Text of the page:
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“Orbitals” performed by the Washington Rock Youth Modern Company February 2015
Dancers: Deja Baret,Natalie Farrell, Maya Jordan, Alexa Mistichelli, Sophia Perone, Sophie Shapiro, Chantal Taluba, Marissa Weinerman
This piece was a part of an informal student concert entirely performed, choreographed and produced by the students themselves. As a senior I was given the task of creating a group work. I explored the concept of gravity and orbits but rather than being with celestial bodies, I utilized human bodies. I was only granted a short period of time to create this work so I had little time to truly develop what the work meant to me. I was always taught to believe that the artist is at mercy to their work and that a certain point the work dictates its purpose independent of the artist’s desires. In this work, however, I had the opportunity to experiment with working on a piece and have it ready to be performed within a month.
In my short time working on this, I did find myself to be playing with how gravity effected bodies that have control over their movement and relationship to gravity. Clearly this greatly differs from celestial bodies who’s movement is completely dependent on gravitational pull. At the same time, the imperfections in the human form which make it difficult to allow gravity to work as though in a perfect vacuum are similar to imperfections that exist on celestial bodies such as craters.
As I am writing this almost a year later, I happen to be concurrently studying astronomy in college. In short, we learned that despite the fact that in a perfect universe matter would orbit in perfect circles around whatever larger body they are orbiting, Kepler discovered that they rather orbit in ellipticals.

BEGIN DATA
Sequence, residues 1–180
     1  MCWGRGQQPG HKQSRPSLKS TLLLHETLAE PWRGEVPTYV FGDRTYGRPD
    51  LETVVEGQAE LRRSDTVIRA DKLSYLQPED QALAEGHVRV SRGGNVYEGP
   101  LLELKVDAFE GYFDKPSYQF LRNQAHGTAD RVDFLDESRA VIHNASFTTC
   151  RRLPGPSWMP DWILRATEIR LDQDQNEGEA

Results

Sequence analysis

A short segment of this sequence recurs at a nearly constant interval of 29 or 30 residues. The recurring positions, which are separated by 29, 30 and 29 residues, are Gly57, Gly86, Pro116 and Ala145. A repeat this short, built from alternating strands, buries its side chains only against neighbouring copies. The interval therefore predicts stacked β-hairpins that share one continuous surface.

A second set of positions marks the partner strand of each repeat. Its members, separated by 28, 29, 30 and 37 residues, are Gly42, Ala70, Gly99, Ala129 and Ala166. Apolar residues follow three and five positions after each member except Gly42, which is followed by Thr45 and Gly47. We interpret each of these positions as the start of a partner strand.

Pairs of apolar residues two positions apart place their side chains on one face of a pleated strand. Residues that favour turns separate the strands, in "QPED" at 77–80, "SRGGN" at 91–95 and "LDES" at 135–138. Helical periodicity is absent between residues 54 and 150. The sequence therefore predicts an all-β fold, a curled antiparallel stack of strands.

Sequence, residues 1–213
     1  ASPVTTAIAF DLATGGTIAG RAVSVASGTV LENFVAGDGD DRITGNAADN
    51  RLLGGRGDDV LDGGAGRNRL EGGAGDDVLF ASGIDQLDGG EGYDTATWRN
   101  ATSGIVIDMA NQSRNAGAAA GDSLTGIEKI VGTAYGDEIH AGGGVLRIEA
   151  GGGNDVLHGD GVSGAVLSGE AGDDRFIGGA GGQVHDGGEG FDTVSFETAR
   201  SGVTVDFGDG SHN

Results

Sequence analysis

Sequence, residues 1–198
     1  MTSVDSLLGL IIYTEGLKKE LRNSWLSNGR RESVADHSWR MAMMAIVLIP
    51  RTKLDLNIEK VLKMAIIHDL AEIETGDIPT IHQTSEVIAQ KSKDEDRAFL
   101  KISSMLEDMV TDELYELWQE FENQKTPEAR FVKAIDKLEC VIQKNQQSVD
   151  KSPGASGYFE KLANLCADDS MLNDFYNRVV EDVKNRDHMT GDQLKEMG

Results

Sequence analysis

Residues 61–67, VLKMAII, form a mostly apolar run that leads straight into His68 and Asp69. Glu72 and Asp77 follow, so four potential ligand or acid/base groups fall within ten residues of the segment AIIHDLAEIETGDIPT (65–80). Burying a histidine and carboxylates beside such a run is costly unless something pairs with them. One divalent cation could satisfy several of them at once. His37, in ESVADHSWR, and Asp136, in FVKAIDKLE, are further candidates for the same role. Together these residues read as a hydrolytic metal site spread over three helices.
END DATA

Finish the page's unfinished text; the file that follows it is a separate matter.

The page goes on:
We also learned that in fact both bodies are technically orbiting around each other, and are not simply one body circling an anchor point. I think that even though I didn’t have this knowledge a year ago, I subconsciously depicted this fact in my choreography. I may or may not be overanalyzing, but I think certain universal facts are inherently understood in all humans whether they know they do or not. Perhaps the concept of orbiting is so universally present in everything it is impossible for intelligent or even unintelligent life to on some level understand it to be true. This can be proven by the fact that before humans really understood science, they understood that when the sun was in one place they woke up and when it moved to the opposite place they went to sleep. Circles in the universe are the basis of literally everything and therefore it is impossible to not, at least on some level, understand them.
Thank you to Cleo Mack and Blair Ritchie for overseeing this process and providing me with constructive criticism.